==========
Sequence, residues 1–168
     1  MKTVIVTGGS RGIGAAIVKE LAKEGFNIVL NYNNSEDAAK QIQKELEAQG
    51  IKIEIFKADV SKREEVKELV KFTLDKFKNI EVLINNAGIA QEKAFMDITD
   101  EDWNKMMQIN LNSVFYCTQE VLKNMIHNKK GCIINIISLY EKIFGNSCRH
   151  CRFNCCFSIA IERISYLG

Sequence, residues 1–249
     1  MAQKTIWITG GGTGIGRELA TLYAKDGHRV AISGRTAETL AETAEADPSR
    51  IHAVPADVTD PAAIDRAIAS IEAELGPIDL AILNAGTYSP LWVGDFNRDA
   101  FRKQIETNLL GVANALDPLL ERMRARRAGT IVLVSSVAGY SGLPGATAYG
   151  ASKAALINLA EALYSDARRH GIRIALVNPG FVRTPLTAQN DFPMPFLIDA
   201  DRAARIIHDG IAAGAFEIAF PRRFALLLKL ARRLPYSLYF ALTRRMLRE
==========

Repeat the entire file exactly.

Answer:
Sequence, residues 1–168
     1  MKTVIVTGGS RGIGAAIVKE LAKEGFNIVL NYNNSEDAAK QIQKELEAQG
    51  IKIEIFKADV SKREEVKELV KFTLDKFKNI EVLINNAGIA QEKAFMDITD
   101  EDWNKMMQIN LNSVFYCTQE VLKNMIHNKK GCIINIISLY EKIFGNSCRH
   151  CRFNCCFSIA IERISYLG

Sequence, residues 1–249
     1  MAQKTIWITG GGTGIGRELA TLYAKDGHRV AISGRTAETL AETAEADPSR
    51  IHAVPADVTD PAAIDRAIAS IEAELGPIDL AILNAGTYSP LWVGDFNRDA
   101  FRKQIETNLL GVANALDPLL ERMRARRAGT IVLVSSVAGY SGLPGATAYG
   151  ASKAALINLA EALYSDARRH GIRIALVNPG FVRTPLTAQN DFPMPFLIDA
   201  DRAARIIHDG IAAGAFEIAF PRRFALLLKL ARRLPYSLYF ALTRRMLRE